|Directed by||Billy Corben|
|Produced by||Alfred Spellman
Jorge "Rivi" Ayala
|Music by||Jan Hammer|
|Edited by||Billy Corben
|Distributed by||Magnolia Pictures|
|US April 26, 2006 (Tribeca Film Festival)
October 27, 2006 (limited)
Cocaine Cowboys is a 2006 documentary film directed by Billy Corben and produced by Alfred Spellman and Billy Corben through their Miami-based media studio Rakontur. The film explores the rise of cocaine and resulting crime epidemic that swept the American city of Miami, Florida, in the 1970s and 1980s. The producers of Cocaine Cowboys use interviews with law enforcement, journalists, lawyers, former drug smugglers and gang members to provide a first-hand perspective of the Miami drug war.
Cocaine Cowboys chronicles the development of the illegal drug trade in Miami during the 1970s and 1980s with interviews of both law enforcement and organized crime leaders, in addition to news footage from the era. The film reveals that in the 1960s and early 1970s, marijuana was the primary import drug into the region. During the 1970s, marijuana imports were replaced by the much more lucrative cocaine imports; as more cocaine was smuggled into the United States, the price dropped, allowing it to turn "blue collar," and be available to a wider market. Drug importers reveal several of the different methods used to import the drug into Florida.
The primary methods used to import the narcotics were by boat or by air. The drug importers also reveal the complexity of their methods of importation. The logistics involved with the importation included the purchase and financing of legitimate businesses to provide cover for illegal operations, the use of sophisticated electronic homing devices, and other elaborate transportation schemes. The film also discusses how importers sometimes had difficulty storing all the money they made, resulting in them setting up a relationship with Noriega in Panama, as well as buying up entire neighborhoods of houses, putting money into infrastructure, as well as side projects, such as race horses.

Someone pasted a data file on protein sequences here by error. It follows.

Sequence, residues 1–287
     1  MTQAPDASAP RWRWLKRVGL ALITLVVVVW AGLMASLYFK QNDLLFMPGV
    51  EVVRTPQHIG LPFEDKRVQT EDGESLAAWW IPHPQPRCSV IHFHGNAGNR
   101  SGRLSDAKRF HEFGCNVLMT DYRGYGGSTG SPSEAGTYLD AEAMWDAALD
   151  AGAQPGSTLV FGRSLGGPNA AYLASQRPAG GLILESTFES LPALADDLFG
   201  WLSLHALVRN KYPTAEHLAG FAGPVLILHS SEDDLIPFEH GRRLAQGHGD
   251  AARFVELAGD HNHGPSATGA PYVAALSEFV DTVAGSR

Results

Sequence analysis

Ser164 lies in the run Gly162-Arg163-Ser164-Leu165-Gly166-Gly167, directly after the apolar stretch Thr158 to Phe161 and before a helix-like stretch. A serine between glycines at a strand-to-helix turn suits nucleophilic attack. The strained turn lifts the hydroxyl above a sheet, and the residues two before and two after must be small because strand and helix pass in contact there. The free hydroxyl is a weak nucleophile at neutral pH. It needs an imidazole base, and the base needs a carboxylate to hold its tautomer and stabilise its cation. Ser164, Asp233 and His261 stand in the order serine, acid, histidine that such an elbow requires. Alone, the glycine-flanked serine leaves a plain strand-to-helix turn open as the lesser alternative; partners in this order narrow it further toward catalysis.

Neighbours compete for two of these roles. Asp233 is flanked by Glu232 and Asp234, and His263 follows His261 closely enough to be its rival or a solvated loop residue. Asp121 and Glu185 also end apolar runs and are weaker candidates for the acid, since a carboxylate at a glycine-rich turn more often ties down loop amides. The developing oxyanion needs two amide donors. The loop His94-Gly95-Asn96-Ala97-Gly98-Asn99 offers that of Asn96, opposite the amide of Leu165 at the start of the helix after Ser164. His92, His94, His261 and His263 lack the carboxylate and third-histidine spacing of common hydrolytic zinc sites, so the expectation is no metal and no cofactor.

The distribution networks were also highly elaborate, and many people were involved locally and nationally in the consumption of the imported cocaine. Importers reveal that condominiums were purchased near particular ocean waterways to provide a monitoring post for Coast Guard and local police patrol boats. Importers reveal the use of high-tech radio monitoring equipment used to monitor the radio frequencies of Federal, State, and local authorities in order to warn incoming boats and airplanes.
The film reveals that much of the economic growth which took place in Miami during this time period was a benefit of the drug trade. As members of the drug trade made immense amounts of money, this money flowed in large amounts into legitimate businesses. As a result, drug money indirectly financed the construction of many of the modern high-rise buildings in southern Florida. Later, when law enforcement pressure drove many major players out of the picture, many high-end stores and businesses closed because of plummeting sales.
Also documented in the film is the gangland violence associated with the trade. The interviewees in the film argue that Griselda Blanco, an infamous crime family matriarch, played a major role in the history of the drug trade in Miami and other cities across America. It was the lawless and corrupt atmosphere, primarily from Blanco's operations, that led to the gangsters being dubbed the "Cocaine Cowboys".
The film premiered at the Tribeca Film Festival in April 2006, and distribution rights to the film in English speaking territories were licensed to Magnolia Pictures. The film opened in U.S. theaters with a limited release on October 27, 2006. Czech-American musician Jan Hammer of Miami Vice fame composed and performed the film's original score.
A revised and extended version of the film called Cocaine Cowboys: Reloaded was released on DVD in April 2014.
The drug trafficking ring, writes Telegraph reporter Jacqui Goddard: "turned 1980s Miami into the most violent city since Prohibition-era Chicago – inspiring the television series Miami Vice and the movie Scarface" (1983).
- Griselda Blanco
- Cocaine Cowboys 2
- Mariel boatlift
- Miami Vice, the documentary references this television show, which was inspired by Miami's drug trade
- James Kelly (author), Bernard Diederich & William McWhirter (reporters) (Nov 23, 1981). "South Florida: Trouble in Paradise". TIME 118 (21) (Miami). Alternative link
- Malcolm Kirk, photojournalist (January 25, 1988). "Miami America's Casablanca – Israel's War at Home Confronting a New Arab Challenge". Newsweek' CXI (4).
|This article needs additional citations for verification. (February 2010)|
- Showtime – Movies – Cocaine Cowboys – Main
- Jacqui Goddard, Miami (23 Feb 2013). "Mickey Munday: Tales from the last 'Cocaine Cowboy' standing". The Daily Telegraph (London).
- Korten, Tristam, "Big Story, Big Screen: Two Miami Documentary Flimmakers Capture a Time and Place in Cocaine Cowboys", Miami New Times, October 10, 2005. Retrieved on November 13, 2006.
- Hill, Logan, "Critic's Pick: Cocaine Cowboys", New York Magazine, May 4, 2006. Retrieved on November 13, 2006.
- Goldstein, Gregg, "Magnolia Lines Up 'Cocaine' Rights", The Hollywood Reporter, July 10, 2006. Retrieved on September 13, 2006.
- Catsoulis, Jeannette, "Film in Review; Cocaine Cowboys", The New York Times, October 27, 2006. Retrieved on November 13, 2006.